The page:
Promoting Professionalism in Infant Care: Lessons From a Yearlong Teacher Preparation Project

Jul. 30, 2010

Source: Journal of Early Childhood Teacher Education, Volume 31, Issue 3, pages 207 – 221. (July 2010).
(Reviewed by the Portal Team)

In early childhood education, teacher research has become an increasingly valued mode of inquiry and force of change in the field.
The goals of this teacher educator research study were two-folded:
(1) to examine the effectiveness of student-led teacher research as a vehicle for strengthening preservice teachers' preparation to form relationships with the families of infants and toddlers and
(2) to enhance preservice teachers' sense of professionalism and commitment to the field of early childhood education.


This project began as part of a junior-level early childhood education course/practicum in infant development and care taught by the first author at the satellite campus of a large research university in the midwestern United States.
Seven preservice teachers were enrolled in the infant-toddler course, and their ages ranged between 20 and 49 years. All were female, Caucasian, and on full scholarship to attend the program.
As part of the course, students engaged in teacher research to learn more about the perspectives of parents who have infants enrolled in center-based care. Students designed interview questions, completed research ethics training, and conducted 45-60 minute interviews with parents. The students wrote 2-3 page reflection papers detailing how they would apply the findings to their practice as teachers.
The following semester, the students worked together to qualitatively analyze the interview transcripts and identify themes in parents' responses.
As a final step in the project, the students completed a post-project survey distributed by the authors to assess how participation in the teacher research project had influenced their professional and personal growth.


Results suggested that the students experienced both personal and professional growth during the course of this teacher research project. Students reported gaining new insights about parent-provider relationships in infant care, strengthening interpersonal communication skills, and constructing a greater sense of professionalism, advocacy, and allegiance to the early childhood field.
The lessons learned during the course of the project have broader implications for the continued evolution of teacher preparation programs.

Implications for Teacher Preparation

Fostering professional preparation in infant and toddler care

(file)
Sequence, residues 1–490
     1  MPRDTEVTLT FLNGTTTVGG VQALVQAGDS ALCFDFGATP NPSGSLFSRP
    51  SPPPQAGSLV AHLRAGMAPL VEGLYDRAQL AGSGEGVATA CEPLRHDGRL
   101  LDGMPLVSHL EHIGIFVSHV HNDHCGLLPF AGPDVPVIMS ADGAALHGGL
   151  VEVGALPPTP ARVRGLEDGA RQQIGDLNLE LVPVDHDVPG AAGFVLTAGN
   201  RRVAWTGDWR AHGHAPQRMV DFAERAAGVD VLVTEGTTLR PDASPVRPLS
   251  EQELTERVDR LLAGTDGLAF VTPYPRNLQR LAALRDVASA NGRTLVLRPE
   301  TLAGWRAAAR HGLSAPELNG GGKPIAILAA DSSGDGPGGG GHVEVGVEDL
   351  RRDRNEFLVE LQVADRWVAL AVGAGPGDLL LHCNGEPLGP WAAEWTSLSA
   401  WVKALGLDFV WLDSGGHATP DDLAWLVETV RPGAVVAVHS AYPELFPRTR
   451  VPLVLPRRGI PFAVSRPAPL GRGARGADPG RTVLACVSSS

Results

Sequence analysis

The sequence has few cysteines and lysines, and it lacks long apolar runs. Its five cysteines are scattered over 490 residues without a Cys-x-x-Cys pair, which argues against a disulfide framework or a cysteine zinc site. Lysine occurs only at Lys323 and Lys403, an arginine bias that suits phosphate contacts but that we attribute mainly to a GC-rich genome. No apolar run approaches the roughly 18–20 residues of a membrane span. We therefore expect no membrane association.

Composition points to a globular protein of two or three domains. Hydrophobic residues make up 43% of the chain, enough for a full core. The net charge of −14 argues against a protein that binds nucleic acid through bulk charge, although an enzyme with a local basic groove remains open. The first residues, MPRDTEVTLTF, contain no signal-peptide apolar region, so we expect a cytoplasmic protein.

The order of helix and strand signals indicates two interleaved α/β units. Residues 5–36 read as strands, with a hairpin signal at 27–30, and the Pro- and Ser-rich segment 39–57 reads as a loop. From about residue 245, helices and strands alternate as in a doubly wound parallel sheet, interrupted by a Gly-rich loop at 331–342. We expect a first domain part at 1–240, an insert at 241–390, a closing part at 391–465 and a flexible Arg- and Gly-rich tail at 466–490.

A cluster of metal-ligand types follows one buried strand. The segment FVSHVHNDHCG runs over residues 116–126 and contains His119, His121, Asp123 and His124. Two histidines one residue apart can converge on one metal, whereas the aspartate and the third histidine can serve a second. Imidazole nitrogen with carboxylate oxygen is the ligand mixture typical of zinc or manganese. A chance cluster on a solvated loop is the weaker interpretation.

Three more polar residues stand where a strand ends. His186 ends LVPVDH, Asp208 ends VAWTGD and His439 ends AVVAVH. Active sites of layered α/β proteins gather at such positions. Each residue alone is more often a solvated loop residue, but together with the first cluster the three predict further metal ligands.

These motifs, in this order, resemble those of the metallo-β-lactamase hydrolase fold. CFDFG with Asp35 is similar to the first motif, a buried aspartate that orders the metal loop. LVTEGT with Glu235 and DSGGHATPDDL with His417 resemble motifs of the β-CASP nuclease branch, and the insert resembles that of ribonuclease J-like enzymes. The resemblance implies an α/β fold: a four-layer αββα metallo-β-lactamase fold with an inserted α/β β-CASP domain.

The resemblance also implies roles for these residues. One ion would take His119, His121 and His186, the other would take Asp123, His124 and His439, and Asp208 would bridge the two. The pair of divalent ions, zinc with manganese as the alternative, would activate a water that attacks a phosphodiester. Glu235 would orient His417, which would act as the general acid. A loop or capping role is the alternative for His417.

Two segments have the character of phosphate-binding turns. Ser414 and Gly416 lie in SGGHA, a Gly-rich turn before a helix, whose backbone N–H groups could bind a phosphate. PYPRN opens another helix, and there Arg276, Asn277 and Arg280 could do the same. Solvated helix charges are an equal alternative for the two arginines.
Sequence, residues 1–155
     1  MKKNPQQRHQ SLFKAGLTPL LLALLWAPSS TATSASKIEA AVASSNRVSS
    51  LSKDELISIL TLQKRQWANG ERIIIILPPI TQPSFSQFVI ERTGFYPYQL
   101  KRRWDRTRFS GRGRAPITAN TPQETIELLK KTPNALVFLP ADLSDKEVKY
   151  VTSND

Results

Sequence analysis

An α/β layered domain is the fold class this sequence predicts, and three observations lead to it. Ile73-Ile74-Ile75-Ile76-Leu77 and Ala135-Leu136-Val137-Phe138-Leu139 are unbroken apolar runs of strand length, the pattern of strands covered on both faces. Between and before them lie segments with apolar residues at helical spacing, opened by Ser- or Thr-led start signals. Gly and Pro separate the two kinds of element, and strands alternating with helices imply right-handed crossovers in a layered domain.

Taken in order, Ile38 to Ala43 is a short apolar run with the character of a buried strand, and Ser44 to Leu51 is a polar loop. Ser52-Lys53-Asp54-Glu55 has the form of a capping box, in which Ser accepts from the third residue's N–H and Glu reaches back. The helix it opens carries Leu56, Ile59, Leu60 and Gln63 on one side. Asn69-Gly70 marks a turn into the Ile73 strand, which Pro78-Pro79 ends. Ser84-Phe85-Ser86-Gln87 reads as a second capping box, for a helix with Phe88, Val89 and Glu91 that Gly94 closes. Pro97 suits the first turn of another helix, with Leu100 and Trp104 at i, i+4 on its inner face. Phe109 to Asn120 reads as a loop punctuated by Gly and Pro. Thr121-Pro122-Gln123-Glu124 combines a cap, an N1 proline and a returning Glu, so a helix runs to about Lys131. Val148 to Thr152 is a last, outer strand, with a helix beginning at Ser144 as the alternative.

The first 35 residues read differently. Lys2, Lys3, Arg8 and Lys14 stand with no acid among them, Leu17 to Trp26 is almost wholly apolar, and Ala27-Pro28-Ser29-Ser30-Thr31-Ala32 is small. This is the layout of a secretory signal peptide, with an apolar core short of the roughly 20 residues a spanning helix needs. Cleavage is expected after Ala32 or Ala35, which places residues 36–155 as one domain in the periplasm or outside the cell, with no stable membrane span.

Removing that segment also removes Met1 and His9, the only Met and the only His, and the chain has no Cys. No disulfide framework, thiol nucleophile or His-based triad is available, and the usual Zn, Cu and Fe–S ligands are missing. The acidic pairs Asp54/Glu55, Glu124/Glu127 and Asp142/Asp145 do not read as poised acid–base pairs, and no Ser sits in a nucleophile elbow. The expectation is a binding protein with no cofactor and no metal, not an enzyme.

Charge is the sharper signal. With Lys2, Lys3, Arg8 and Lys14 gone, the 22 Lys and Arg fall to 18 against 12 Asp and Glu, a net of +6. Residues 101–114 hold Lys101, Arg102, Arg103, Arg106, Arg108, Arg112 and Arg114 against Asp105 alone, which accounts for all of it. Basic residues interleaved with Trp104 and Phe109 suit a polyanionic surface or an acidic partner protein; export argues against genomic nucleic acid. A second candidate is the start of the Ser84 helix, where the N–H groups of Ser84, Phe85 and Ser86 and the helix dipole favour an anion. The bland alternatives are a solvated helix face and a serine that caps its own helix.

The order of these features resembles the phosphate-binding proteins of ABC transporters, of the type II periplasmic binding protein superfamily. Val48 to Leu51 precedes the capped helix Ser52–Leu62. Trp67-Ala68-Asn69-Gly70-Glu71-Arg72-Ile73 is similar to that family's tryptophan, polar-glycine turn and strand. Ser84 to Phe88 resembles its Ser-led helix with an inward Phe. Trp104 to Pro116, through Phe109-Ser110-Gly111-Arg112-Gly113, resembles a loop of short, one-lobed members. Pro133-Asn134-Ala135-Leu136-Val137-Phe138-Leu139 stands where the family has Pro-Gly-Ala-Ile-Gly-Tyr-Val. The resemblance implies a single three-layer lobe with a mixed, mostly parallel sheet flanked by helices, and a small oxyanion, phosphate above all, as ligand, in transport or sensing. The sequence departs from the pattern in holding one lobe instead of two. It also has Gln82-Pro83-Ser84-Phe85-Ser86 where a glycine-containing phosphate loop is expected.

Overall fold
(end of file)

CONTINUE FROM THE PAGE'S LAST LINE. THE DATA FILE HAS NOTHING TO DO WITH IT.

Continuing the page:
The content of this project focused on one aspect of professional preparation in this area—parent-provider partnerships in the care of children aged birth to 3 years.
It proved important to offer multiple experiences and modes of exploration for students since each of these experiences had a different impact on each student.

Fostering Professional Development and Commitment to the Field
The experiences that preservice teachers have in teacher preparation programs can be transformative in how they view themselves as teachers and whether or not they will view teaching as a job or a lifelong career. Therefore, it is of significance that several students who participated in the current project reported transformations in their professional identities and commitment to becoming teacher researchers and leaders in the field.
In this project, it proved important to build in opportunities for both personal and collaborative reflection.

While such projects are time consuming and have unpredictable outcomes, the results can be significant for students. It is important for teacher educators to practice what they teach and promote autonomy, decision making, risk taking, experiential learning, and advocacy if they want their preservice teachers to do the same when they are teachers.


The research shared here provides one example of the documentation of effective practices. Analysis of the students' reflections provided evidence that students can enhance their understanding of infant-toddler care when given opportunities to interact directly with families of infants and toddlers and are able to process these experiences over time through multiple forms of reflection. This project also demonstrated how students can grow professionally when they are provided with opportunities to be autonomous by guiding their own learning, advocating for others, and authentically participating in a professional context.

Updated: May. 10, 2011